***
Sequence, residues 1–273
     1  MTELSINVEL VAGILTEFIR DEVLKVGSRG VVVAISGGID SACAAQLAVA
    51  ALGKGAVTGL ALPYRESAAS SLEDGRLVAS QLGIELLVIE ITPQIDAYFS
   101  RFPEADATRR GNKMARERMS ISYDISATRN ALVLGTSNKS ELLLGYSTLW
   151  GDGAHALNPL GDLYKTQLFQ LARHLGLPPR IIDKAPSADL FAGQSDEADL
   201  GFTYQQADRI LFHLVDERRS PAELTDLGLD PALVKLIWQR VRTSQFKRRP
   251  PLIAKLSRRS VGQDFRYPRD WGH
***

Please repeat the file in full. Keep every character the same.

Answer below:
Sequence, residues 1–273
     1  MTELSINVEL VAGILTEFIR DEVLKVGSRG VVVAISGGID SACAAQLAVA
    51  ALGKGAVTGL ALPYRESAAS SLEDGRLVAS QLGIELLVIE ITPQIDAYFS
   101  RFPEADATRR GNKMARERMS ISYDISATRN ALVLGTSNKS ELLLGYSTLW
   151  GDGAHALNPL GDLYKTQLFQ LARHLGLPPR IIDKAPSADL FAGQSDEADL
   201  GFTYQQADRI LFHLVDERRS PAELTDLGLD PALVKLIWQR VRTSQFKRRP
   251  PLIAKLSRRS VGQDFRYPRD WGH